FILED: February 28, 2001

IN THE COURT OF APPEALS OF THE STATE OF OREGON

In the matter of the Marriage of

LISA LYNN McGINLEY,
nka Lisa Lynn Hamilton-Treick,

Respondent - Cross-Appellant,

and

DANIEL CASE McGINLEY,

Appellant - Cross-Respondent.

(D8712-68732; CA A101792)

Appeal from Circuit Court, Multnomah County.

Elizabeth Welch, Judge.

Argued and submitted March 6, 2000.

Charles F. Hinkle argued the cause for appellant - cross-respondent. With him on the briefs was Stoel Rives LLP.

Mark A. Johnson argued the cause for respondent - cross-appellant. With him on the brief was Findling & Johnson LLP.

Before Edmonds, Presiding Judge, and Armstrong and Kistler, Judges.

ARMSTRONG, J.

Child support award for son vacated and remanded for entry of findings or modification; otherwise affirmed.

ARMSTRONG, J.

Father appeals from a judgment modifying his child support obligation for his son and affirming his support obligation for his daughter, who is a student at a private liberal arts college. Mother cross-appeals from the judgment. She challenges the trial court's refusal to increase father's support obligation for daughter based on a decrease in daughter's financial aid award. On de novo review, we affirm in part and reverse in part.

The court entered a judgment in 1988 dissolving mother and father's marriage. The dissolution judgment awarded custody of the parties' two children to mother and ordered father to pay both child and spousal support. Both parties sought to modify the dissolution judgment in 1996 and again in 1997. In response to the first motion, the trial court terminated spousal support due to changed circumstances, terminated child support for son based on son's incarceration in the state correctional system, and increased father's support obligation for daughter based on her educational expenses as a child attending school, ORS 107.108. In its ruling on the second motion for modification, the trial court refused to increase father's support obligation for daughter because it concluded that no substantial change of economic circumstances had occurred; it reinstated father's support obligation for son as a result of son's transitional release from state boot camp; and it declined to terminate father's support obligation for daughter based on father's contention that ORS 107.108 violates the state and federal constitutions.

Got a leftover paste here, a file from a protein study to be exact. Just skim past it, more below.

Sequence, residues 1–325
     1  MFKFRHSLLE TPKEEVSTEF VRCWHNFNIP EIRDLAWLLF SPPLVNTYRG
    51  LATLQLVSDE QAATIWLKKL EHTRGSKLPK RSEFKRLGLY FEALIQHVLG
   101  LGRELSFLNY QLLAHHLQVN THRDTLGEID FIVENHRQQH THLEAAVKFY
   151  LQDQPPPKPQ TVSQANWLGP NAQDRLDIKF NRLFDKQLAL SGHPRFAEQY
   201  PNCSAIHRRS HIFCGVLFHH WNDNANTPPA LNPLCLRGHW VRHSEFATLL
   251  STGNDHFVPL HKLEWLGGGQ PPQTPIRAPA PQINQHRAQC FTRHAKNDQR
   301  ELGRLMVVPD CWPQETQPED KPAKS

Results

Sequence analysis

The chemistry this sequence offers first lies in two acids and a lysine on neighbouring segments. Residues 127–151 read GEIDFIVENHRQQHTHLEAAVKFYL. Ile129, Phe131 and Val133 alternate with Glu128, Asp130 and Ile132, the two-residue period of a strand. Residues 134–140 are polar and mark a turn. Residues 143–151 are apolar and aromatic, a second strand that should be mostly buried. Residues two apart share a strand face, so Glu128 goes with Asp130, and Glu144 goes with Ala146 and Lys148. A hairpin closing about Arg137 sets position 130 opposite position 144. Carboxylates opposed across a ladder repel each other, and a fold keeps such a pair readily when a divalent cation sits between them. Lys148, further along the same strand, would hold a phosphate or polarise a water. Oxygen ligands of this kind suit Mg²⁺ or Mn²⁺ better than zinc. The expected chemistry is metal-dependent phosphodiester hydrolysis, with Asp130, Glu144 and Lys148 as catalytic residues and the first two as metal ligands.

Father appeals, assigning error (1) to the trial court's refusal to hold that ORS 107.108 violates the state and federal constitutions and (2) to the amount of child support that the court ordered for son. Father argues that ORS 107.108 violates the Oregon Constitution's Equal Privileges and Immunities Clause, Or Const, Art I, 20, and the Equal Protection Clause of the Fourteenth Amendment to the United States Constitution. With regard to son's support, father argues that the trial court improperly deviated from the Uniform Child Support Guidelines without entering findings to support the deviation. ORS 25.280. Mother cross-appeals. She assigns error to the trial court's refusal to increase father's support obligation for daughter based on a decrease in daughter's financial aid award. She alleges that the trial court committed an error of law in not recognizing the decrease as a change in circumstances that was sufficient to justify a modification. ORS 107.135(2)(a) (1997).

We conclude that ORS 107.108 does not violate either the state or federal constitutional guarantee of equal treatment. Additionally, we conclude that the decrease in daughter's financial aid award did not constitute an unanticipated substantial change in economic circumstances. ORS 107.135(2)(a) (1997). Accordingly, we affirm the child support award for daughter. With regard to the support award for son, we agree with father that the trial court improperly deviated from the guidelines without making findings to support its decision to do so. ORS 25.280. We therefore remand that portion of the judgment to the trial court for entry of findings or modification of the award.

Before discussing the merits of the case, we first address mother's concern that both father's constitutional challenge to ORS 107.108 and mother's cross-appeal may be moot as a result of father having fulfilled his statutory support obligation to daughter since the court entered its second modification judgment. "A case becomes moot for the purpose of an appeal when, because of a change of circumstances prior to the appellate decision, the decision would resolve merely an abstract question without practical effect." State ex rel Juv. Dept. v. Holland, 290 Or 765, 767, 625 P2d 1318 (1981) (citations omitted). Because we have the power to make any modification of father's support obligation for daughter retroactive to the date that father moved to modify the dissolution judgment, our decision could affect father's support obligation for daughter. See Pedroza and Pedroza, 128 Or App 102, 107, 875 P2d 478 (1994) ("[M]odification of a support order can be made retroactive to the date of the filing of the motion to modify.") (citations omitted). Consequently, that issue is not moot.